As I have mentioned previously, I volunteer at the Art Institute of Chicago. This past weekend, a patron spoke with me. She brings her kids to the museum and discusses subjects to which they may not normally be exposed or, if exposed, only negatively. She recently brought to the museum a neighbor's nine-year-old boy, in addition to her own children.
The woman said they were looking at a painting she described as portraying two nude women on a bed, one pregnant. They were warm towards each other. The woman asked, referring to the full-bellied one, "what's going on here?" One of her children said, "she's pregnant", to which the boy replied, "gross!" The woman said to him, "that's not gross, it's beautiful!" Then she asked the children, "what kind of relationship do (the two women) have?" One of her kids said, "they're lesbians", to which the boy said, "gross!". And so on....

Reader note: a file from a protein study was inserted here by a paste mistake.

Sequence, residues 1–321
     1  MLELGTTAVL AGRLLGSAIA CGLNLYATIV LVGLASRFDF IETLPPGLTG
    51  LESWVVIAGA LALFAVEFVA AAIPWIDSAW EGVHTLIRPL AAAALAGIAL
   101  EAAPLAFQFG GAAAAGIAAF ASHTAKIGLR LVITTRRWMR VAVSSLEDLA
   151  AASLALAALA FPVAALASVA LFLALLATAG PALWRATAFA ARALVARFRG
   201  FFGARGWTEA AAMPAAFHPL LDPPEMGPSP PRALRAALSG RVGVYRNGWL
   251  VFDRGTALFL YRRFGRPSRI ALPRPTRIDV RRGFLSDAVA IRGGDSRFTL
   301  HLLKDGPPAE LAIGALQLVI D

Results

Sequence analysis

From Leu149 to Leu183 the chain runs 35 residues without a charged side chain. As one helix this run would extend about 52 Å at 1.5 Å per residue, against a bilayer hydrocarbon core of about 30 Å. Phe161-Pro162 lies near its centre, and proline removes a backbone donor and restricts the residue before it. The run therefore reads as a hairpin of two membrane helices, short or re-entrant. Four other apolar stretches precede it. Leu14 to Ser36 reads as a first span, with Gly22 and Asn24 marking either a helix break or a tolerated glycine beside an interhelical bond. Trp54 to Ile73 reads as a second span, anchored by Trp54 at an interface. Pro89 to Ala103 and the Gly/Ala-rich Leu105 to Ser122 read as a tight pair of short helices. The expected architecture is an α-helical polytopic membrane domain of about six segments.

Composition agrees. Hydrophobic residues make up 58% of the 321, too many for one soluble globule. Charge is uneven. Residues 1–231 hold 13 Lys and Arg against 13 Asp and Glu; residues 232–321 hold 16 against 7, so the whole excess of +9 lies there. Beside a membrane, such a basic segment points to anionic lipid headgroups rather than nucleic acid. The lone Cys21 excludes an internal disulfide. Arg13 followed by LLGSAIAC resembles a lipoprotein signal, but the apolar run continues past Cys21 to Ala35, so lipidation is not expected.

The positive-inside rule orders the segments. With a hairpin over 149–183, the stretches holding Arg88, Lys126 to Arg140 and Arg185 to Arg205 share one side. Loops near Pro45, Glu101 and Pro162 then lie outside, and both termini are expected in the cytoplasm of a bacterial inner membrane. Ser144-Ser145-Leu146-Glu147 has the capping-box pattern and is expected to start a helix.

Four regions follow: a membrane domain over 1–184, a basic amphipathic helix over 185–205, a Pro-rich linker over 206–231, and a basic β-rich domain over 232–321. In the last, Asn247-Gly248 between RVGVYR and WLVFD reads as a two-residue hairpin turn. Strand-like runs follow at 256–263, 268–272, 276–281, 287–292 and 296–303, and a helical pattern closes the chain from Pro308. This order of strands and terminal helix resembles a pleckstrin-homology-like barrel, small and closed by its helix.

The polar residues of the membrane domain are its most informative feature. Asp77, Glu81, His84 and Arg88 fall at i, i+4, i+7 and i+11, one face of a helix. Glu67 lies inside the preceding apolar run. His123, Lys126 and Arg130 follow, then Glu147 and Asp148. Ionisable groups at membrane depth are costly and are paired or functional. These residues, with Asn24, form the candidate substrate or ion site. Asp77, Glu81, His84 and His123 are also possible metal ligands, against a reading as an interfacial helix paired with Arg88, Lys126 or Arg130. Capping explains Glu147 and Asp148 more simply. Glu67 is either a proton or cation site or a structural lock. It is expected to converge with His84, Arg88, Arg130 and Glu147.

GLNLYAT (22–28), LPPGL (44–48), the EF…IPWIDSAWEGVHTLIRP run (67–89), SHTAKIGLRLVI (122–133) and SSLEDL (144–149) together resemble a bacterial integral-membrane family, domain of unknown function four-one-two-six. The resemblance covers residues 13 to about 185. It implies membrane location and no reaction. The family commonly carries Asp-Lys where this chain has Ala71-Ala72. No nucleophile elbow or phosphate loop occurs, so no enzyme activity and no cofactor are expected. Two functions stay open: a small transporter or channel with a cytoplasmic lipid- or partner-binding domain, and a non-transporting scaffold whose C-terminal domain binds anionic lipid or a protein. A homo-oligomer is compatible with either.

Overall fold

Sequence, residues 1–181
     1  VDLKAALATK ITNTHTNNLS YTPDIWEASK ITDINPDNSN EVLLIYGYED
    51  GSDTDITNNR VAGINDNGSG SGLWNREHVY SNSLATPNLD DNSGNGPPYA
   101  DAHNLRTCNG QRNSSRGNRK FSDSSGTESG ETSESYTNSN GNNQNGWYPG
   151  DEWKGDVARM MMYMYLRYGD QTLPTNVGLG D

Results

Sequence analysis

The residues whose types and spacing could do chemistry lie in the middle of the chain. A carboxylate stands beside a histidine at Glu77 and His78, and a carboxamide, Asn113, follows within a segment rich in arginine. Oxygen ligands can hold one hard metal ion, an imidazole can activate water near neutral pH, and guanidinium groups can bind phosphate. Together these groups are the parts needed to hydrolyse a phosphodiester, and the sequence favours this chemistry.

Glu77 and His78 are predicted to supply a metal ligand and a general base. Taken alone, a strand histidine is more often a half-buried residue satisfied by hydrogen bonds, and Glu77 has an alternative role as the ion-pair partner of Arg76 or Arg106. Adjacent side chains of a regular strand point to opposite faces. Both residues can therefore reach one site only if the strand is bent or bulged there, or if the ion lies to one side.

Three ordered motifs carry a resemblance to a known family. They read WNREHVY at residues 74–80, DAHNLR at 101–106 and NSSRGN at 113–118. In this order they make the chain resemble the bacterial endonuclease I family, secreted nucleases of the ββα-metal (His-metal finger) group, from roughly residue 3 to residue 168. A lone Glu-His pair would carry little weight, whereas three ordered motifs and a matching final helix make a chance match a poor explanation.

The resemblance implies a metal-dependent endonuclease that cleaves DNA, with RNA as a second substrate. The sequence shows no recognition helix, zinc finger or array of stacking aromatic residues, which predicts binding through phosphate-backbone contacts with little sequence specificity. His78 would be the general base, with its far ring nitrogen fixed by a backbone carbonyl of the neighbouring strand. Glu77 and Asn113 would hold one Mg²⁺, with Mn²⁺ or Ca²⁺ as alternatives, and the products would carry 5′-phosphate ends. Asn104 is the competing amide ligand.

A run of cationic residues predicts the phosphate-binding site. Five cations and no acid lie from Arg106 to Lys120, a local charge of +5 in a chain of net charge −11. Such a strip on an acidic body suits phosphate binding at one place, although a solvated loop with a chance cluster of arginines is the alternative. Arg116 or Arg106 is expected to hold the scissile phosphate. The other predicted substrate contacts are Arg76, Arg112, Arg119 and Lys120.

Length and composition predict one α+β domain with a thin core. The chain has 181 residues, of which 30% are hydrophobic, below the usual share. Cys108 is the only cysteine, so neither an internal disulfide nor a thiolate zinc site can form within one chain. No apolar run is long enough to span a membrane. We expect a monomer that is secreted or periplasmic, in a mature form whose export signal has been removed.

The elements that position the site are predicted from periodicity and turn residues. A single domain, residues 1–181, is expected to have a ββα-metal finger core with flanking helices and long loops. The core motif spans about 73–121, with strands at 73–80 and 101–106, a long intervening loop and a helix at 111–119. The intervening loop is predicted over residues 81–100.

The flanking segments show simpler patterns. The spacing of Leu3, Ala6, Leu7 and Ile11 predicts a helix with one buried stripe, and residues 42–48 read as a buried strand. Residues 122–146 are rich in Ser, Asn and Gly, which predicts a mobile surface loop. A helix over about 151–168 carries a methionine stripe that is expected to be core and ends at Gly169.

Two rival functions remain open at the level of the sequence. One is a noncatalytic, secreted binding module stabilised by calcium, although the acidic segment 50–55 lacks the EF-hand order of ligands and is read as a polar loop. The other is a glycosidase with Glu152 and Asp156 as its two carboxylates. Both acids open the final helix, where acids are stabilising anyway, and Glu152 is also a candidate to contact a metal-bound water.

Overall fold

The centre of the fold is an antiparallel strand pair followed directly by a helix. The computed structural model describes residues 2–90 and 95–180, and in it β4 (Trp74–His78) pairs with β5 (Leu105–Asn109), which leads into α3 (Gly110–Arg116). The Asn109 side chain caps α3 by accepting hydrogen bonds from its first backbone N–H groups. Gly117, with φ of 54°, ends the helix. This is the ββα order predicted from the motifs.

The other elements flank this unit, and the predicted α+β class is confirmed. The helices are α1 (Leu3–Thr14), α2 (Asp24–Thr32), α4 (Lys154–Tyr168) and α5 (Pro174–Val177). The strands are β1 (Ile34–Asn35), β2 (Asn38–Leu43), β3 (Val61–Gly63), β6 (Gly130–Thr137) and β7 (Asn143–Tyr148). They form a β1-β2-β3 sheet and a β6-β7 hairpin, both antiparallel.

The Marsden Hartley painting "Madawaska -- Acadian Light-Heavy" (1940) (see photo above), was originally a nude. A male nude at that time was virtually unacceptable and is still rare. Mr. Hartley added a "posing strap" to make the painting more palatable. (By doing so, he anticipated similar treatment of male models in men's "fitness" magazines by a decade.) Even with the strap, Mr. Hartley challenges the viewer to look at a man in an admiring way, similar to that reserved for female subjects.
A purpose of art museums is to give us different perspectives on common experiences. Sexuality, for example, is often portrayed in ambivalent ways in our daily lives. Nursing women are tolerated, sexy ladies are lusted after and condemned in the same breath, and homosexuality is debated. Not all artists are progressive (i.e. Thomas Hart Benton, who did not like what he perceived as pervasive left wing/gayness in the New York art scene), but even "reactionary" works are thoughtful and thought provoking.